Amoxicillin 40mg/kg bd (max 1g per dose) 12 hourly (or co amoxiclav if no response to amoxicillin). Duration of antibiotic course 5 days. Use azithromycin for 3 days if confirmed penicillin allergy.

If severe or complicated pneumonia (O² sats<85%, haemodynamic instability/septicaemia, immunocompromised, chronic lung disease, congenital hear disease, empyema, necrotising pneumonia), for urgent review in hospital - call paediatrician.

Treatment for atypical infections should only be considered in sever infection if no response to first line empirical therapy - use azithromycin.

Provide safety netting information (verbal and written).

Note: aim to use an antibiotic that minimises dosing frequency and is palatable (if suspension prescribed) to optimise adherence. QDS penicillin V and flucloxacillin suspensions are not well tolerated by children.

Rhinosinusitis

Generally, Abs are not required as 80% resolve within 14 days without Tx (NNT 15). Offer adequate analgesia.

Treat if worsening upper respiratory tract symptoms (fever, daytime cough or nasal discharge) following resolution of viral UTI, severe symptoms (fever >39 degrees, purulent nasal discharge) or persistent symptoms (nasal discharge or daytime cough >10 days).

Amoxicillin 40mg/kg 12 hourly (max 1g per dose) if no previous treatment in preceding 4 weeks. If treatment with amoxicillin in preceding 4 weeks, co-amoxiclav. Duration of treatment 7 days after improvement in symptoms (usually 10-14 days)

Use azithromycin for 3 days if confirmed penicillin allergy.

Tonsillitis

Most young children presenting with tonsillitis have a viral aetiology. No significant difference in pain score at day 3 in children treated with antibiotics compared to those treated with placebo (Cochrane review 2013). Need to treat >4000 children with antibiotics to prevent one case of quinsy.

Most children with tonsillitis do not require a throat swab.

Base decision to treat on FeverPAIN score (1 point for each of Fever, Purulence, Attend within 3 days of onset or less, severely Inflamed tonsils, No cough or coryza):

  • score 0-1 = 18% streptococci: use NO antibiotics
  • score 2-3: 34-40% streptococci, use back up/delayed antibiotic
  • score ≤4: 62-65% streptococci, use immediate Ab.
  • Based on Little et al, BMJ 2013

Score validated in children 3 years and over - younger children are less likelyto have a bacterial aetiology and are less likely to develop complications.

For children unable to swallow tablets; amoxicillin 40mg/kg 12 hourly (max 1g per dose) for 7 days (2012 Cochrane review). The use of amoxicillin does not significantly increase the risk of rash in acute EBV.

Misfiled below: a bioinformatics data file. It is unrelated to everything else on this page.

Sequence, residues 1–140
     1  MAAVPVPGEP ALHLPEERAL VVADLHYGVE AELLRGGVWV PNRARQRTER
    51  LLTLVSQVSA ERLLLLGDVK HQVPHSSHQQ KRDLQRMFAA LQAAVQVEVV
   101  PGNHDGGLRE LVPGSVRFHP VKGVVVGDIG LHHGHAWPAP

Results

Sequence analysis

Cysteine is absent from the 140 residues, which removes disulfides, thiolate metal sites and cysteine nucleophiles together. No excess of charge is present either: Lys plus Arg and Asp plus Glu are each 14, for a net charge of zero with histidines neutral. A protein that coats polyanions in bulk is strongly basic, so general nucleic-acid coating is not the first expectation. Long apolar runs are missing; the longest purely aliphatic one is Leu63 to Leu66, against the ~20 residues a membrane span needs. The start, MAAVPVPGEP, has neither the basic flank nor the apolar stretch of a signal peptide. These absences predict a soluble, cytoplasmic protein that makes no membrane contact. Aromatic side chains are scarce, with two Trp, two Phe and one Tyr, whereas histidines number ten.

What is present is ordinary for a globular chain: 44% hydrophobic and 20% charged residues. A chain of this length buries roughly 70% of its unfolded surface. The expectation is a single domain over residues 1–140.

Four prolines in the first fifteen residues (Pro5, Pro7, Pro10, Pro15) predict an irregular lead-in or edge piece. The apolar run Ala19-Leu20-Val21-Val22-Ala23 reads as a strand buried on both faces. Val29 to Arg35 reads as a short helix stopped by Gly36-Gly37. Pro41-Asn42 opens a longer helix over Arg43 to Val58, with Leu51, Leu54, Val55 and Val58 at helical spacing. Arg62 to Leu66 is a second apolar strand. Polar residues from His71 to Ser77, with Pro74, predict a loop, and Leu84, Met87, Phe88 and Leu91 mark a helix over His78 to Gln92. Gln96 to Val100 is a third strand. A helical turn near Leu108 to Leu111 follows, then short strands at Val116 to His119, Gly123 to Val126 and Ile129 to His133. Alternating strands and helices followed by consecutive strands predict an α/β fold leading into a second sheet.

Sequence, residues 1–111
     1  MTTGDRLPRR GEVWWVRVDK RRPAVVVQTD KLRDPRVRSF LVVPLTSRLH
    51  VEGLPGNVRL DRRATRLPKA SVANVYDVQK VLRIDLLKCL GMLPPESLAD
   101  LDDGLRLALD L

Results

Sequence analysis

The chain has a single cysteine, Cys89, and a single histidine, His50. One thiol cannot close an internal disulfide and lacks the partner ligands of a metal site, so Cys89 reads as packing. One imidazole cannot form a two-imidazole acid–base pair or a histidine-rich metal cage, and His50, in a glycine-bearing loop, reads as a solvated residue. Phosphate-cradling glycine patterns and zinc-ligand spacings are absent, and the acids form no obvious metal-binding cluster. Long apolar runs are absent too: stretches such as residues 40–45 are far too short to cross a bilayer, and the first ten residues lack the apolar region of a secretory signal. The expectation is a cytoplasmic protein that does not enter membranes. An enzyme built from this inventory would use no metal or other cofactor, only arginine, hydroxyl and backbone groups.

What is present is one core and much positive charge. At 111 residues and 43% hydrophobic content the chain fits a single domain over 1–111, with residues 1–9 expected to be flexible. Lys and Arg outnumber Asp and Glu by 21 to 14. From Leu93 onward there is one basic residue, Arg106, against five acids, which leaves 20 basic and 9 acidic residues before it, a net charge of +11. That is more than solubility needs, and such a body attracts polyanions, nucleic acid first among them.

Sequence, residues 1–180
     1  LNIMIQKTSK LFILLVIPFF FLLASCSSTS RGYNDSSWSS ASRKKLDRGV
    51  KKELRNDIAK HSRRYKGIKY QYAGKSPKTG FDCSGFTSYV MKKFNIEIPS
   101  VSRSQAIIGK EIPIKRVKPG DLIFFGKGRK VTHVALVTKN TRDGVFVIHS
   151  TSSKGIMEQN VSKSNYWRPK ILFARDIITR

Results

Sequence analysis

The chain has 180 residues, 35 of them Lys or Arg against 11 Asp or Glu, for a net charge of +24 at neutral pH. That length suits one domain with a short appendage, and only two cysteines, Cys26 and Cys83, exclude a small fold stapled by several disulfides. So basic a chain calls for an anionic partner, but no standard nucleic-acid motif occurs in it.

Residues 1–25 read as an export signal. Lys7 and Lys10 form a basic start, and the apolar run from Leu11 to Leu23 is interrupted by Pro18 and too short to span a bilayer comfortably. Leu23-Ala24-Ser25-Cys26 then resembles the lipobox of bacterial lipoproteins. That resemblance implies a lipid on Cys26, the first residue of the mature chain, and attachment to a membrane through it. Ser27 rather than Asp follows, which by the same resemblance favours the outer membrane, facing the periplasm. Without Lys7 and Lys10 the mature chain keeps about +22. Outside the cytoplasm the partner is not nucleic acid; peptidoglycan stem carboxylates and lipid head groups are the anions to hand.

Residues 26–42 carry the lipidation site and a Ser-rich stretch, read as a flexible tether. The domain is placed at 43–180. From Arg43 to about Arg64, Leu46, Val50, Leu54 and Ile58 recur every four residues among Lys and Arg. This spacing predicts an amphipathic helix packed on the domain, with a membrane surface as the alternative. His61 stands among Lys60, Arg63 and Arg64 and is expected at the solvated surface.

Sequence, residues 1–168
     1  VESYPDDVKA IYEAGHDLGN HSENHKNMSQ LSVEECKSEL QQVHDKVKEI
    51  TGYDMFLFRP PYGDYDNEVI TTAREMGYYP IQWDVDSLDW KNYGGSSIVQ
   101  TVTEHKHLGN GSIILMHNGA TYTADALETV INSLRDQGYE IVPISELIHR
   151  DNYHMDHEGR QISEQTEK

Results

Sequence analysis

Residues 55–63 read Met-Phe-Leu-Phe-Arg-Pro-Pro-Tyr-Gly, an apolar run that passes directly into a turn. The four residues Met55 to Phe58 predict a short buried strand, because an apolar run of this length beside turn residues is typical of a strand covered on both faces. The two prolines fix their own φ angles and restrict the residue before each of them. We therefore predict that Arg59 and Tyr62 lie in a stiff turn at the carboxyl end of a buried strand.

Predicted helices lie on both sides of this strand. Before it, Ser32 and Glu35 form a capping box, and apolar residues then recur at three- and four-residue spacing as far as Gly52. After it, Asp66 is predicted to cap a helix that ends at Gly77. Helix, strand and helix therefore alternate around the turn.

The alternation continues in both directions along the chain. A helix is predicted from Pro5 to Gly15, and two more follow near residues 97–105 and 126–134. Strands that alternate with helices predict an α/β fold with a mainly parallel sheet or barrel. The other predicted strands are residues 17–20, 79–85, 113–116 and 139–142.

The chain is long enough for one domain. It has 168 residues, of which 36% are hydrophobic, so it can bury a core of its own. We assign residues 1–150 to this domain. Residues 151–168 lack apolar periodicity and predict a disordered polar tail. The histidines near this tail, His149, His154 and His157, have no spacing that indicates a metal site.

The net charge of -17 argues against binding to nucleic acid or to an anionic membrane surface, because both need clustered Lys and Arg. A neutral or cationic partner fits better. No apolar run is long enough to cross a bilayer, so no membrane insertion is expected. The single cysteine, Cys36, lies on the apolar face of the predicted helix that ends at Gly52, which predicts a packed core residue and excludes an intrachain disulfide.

For children able to swallow tablets; if age 6-12 years, penicillin V 500mg 12 hourly; if age >12 years, penicillin V 1g 12 hourly for 7 days.

Use azithromycin for 5 days if confirmed penicillin allergy.

Provide safety netting information (verbal and written).

Note: aim to use an antibiotic that minimises dosing frequency and is palatable (if suspension prescribed) to optimise adherence. QDS penicillin V and flucloxacillin suspensions are not well tolerated by children.

Urinary Tract Infection

<3 months of age:

Treat as pyelonephritis (needs review in hospital - call paediatrician .

>3 months of age with lower UTI/cystitis:

Trimethoprim 4mg/kg 12 hourly (max 200mg/dose).

If previous treatment with trimethoprim in preceding 3 months, use nitrofurantoin (if able to swallow tablets) or cefalexin 25mg/kg 8 hourly (max 1 gram/dose). If confirmed severe penicillin allergy and unable to swallow nitofurantoin tablets, for ciprofloxacin.

Duration of antibiotic course 3 days.

>3 months of age with upper UTI/pyelonephritis (all children with a febrile UTI should be considered to have pyelonephritis):

Treat empirically with cefalexin 25mg/kg 8 hourly (max 1 gram/dose) unless unable to tolerate oral Abs or systemically unwell (suggestive of bacteraemia).

Ciprofloxacin if confirmed severe penicillin allergy.

If unable to tolerate oral Abs or systemically unwell (suggestive of bacteraemia), requires review in hospital for consideration of IV antibiotics - call paediatrician.

Provide safety netting information (verbal and written)

QuickWee method of stimulating suprapubic area with saline-soaked gauze significantly reduces the time taken to successfully collect a urine sample in infants.



Hide this section
Show accessibility tools